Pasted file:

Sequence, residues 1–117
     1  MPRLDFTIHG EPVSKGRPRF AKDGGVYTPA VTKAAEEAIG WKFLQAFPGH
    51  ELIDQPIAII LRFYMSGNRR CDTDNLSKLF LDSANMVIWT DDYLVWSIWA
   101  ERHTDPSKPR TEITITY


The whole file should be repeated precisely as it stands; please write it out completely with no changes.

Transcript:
Sequence, residues 1–117
     1  MPRLDFTIHG EPVSKGRPRF AKDGGVYTPA VTKAAEEAIG WKFLQAFPGH
    51  ELIDQPIAII LRFYMSGNRR CDTDNLSKLF LDSANMVIWT DDYLVWSIWA
   101  ERHTDPSKPR TEITITY